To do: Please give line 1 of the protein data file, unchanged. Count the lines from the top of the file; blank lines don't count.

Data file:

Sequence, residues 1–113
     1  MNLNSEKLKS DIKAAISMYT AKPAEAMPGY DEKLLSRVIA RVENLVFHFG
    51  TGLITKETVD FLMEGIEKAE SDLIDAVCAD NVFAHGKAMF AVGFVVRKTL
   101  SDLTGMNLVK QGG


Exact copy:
Sequence, residues 1–113